Tears of a Clown
I guess we all enjoy(ed) going to the Circus. It seemed almost magical as a child to watch the various things that went on there: trapeze, animals, stunts, etc. My favourite was the clowns. I remember one act involved an old car which seemed to have a mind of its own. It would chase the clowns around the arena. As you get older the clowning seems less funny. In fact now I see another side altogether. I reflect on that song “Tears of a Clown”.
Now they're some sad things known to man But ain't too much sadder than The tears of a clown When there's no one around.
That really says it all. The clown is performing an act which may be a million miles away from how he is feeling. And that’s how it could be for lots of folk you meet. They put on a brave face, but what happens “when there’s no one around”?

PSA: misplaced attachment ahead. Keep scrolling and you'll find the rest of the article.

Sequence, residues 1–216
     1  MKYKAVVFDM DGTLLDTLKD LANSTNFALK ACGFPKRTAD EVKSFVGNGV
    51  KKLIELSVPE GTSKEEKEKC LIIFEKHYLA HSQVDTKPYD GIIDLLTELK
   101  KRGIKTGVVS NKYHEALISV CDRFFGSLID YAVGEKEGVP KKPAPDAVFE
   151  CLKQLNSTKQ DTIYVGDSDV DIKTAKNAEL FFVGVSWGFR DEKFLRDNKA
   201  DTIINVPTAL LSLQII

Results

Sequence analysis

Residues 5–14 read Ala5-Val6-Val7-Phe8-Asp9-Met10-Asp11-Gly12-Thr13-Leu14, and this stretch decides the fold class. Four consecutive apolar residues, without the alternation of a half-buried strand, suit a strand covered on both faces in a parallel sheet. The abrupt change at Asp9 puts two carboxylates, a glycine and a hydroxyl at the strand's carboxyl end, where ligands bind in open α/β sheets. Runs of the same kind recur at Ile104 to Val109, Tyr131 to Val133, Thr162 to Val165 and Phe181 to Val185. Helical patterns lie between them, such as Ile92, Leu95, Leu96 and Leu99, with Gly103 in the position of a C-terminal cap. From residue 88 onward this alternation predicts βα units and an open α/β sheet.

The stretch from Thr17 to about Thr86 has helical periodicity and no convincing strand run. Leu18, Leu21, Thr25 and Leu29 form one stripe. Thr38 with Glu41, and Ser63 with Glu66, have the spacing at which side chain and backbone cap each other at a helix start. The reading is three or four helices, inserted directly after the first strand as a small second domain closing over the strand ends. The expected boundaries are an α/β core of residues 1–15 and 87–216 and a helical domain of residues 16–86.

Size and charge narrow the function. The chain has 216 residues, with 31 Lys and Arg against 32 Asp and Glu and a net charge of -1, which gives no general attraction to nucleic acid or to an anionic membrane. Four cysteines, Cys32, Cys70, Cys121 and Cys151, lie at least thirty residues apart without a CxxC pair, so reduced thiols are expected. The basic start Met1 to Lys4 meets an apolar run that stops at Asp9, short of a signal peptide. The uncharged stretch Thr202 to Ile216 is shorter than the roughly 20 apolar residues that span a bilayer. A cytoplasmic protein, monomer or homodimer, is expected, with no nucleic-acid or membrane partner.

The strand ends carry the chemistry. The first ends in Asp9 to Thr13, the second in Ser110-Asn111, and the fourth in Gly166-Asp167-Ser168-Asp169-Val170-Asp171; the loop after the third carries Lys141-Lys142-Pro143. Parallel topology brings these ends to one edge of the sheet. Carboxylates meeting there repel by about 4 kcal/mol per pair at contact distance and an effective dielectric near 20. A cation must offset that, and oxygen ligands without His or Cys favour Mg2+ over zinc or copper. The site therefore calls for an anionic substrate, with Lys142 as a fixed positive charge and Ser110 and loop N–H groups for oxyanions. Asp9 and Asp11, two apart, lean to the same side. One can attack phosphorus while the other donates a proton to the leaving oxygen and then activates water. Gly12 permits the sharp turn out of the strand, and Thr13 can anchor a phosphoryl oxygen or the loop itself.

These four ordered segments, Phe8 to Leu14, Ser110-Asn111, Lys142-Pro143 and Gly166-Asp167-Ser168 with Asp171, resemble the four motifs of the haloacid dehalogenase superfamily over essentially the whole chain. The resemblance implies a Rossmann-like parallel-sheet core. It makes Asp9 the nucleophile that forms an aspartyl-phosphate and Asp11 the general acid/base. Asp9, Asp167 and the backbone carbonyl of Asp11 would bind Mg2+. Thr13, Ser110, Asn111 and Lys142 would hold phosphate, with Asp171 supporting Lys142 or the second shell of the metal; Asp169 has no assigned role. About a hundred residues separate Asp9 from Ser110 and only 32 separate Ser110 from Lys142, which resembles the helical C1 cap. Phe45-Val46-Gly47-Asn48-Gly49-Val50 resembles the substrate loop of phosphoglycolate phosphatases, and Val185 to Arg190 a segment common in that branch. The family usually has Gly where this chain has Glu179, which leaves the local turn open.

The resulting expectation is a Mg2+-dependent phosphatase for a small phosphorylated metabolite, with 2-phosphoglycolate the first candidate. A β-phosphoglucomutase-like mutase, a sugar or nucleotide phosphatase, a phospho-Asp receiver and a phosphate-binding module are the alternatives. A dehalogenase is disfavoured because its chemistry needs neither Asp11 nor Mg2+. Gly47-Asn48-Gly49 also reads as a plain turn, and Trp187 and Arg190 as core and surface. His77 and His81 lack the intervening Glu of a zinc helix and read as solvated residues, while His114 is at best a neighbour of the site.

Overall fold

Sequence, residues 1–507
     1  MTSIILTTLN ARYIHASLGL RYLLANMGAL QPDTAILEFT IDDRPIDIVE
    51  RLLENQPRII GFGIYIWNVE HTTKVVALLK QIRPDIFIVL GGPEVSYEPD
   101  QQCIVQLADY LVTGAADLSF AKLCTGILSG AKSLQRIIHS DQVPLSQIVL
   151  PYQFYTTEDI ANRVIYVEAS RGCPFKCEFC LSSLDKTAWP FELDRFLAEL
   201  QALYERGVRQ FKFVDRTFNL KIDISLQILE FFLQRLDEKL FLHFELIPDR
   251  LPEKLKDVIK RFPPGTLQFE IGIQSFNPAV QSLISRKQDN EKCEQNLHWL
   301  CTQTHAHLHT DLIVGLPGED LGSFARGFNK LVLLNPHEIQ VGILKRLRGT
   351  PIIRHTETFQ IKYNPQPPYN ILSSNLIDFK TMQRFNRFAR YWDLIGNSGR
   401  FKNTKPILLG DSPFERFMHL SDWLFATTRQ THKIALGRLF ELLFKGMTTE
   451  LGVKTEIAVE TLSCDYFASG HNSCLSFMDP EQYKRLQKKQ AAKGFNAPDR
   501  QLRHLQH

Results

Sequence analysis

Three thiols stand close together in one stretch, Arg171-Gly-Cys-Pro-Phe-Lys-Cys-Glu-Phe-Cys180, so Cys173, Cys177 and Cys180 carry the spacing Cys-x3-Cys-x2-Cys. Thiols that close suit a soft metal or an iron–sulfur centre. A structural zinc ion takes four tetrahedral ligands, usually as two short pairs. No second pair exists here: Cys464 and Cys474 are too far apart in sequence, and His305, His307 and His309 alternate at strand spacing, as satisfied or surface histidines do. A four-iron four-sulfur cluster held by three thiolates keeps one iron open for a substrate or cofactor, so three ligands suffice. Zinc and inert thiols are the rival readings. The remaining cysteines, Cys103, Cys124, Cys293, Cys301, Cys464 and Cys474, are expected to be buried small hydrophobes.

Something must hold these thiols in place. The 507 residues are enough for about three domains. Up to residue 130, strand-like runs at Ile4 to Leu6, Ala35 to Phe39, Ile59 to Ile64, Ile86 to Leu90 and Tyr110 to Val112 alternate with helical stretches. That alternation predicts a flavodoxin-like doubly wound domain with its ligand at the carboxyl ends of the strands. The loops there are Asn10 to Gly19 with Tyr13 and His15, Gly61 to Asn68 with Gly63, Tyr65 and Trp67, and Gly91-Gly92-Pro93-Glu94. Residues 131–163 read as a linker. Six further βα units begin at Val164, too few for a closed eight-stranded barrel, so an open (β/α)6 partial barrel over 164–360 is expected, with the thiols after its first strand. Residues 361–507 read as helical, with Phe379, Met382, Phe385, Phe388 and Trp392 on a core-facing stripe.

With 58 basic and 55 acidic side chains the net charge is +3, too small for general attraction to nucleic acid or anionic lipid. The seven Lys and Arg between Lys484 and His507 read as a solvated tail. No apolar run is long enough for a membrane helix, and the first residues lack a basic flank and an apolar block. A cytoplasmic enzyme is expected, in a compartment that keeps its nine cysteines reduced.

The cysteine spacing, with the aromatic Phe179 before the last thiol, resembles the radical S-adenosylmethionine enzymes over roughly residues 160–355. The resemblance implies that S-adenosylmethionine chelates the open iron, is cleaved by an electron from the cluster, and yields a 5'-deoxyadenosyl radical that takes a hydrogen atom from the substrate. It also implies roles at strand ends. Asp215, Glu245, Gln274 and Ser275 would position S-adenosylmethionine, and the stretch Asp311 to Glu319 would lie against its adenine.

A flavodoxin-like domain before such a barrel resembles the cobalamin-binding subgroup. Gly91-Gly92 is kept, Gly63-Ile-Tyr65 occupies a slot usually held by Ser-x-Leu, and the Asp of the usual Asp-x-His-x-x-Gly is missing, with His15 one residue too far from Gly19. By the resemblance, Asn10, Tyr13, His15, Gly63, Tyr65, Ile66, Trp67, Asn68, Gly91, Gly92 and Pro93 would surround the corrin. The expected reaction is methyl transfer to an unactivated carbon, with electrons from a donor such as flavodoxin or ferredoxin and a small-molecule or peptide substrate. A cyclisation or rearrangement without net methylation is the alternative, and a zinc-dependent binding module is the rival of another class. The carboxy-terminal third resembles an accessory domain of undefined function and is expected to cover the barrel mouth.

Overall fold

Sometimes people (especially children) will play the clown because it gains them attention they would otherwise not have. In effect, their clowning is a cry for help.
There are also other ways the life of a clown may reflect some of the realities of life. The human condition includes failure and struggle – elements which are reflected in the antics of the clown. In a light-hearted way you see those aspects being played out. The clown is vulnerable, but he also accepts the failure and gets up to throw paint back at the guy who threw it at him. So it’s OK to fail! Don’t let it get to you!
The clown pokes fun at those who think they are very important. In an amusing way they teach the life lesson: “Pride goes before a fall”.
As the circus audience laughs they are bound together through their laughter - a fantastic unifying force. If we can laugh – both at the clown and at ourselves to the extent that we see ourselves mirrored in his actions – we have some welcome personal stress relief. Try a bit of Comic Relief.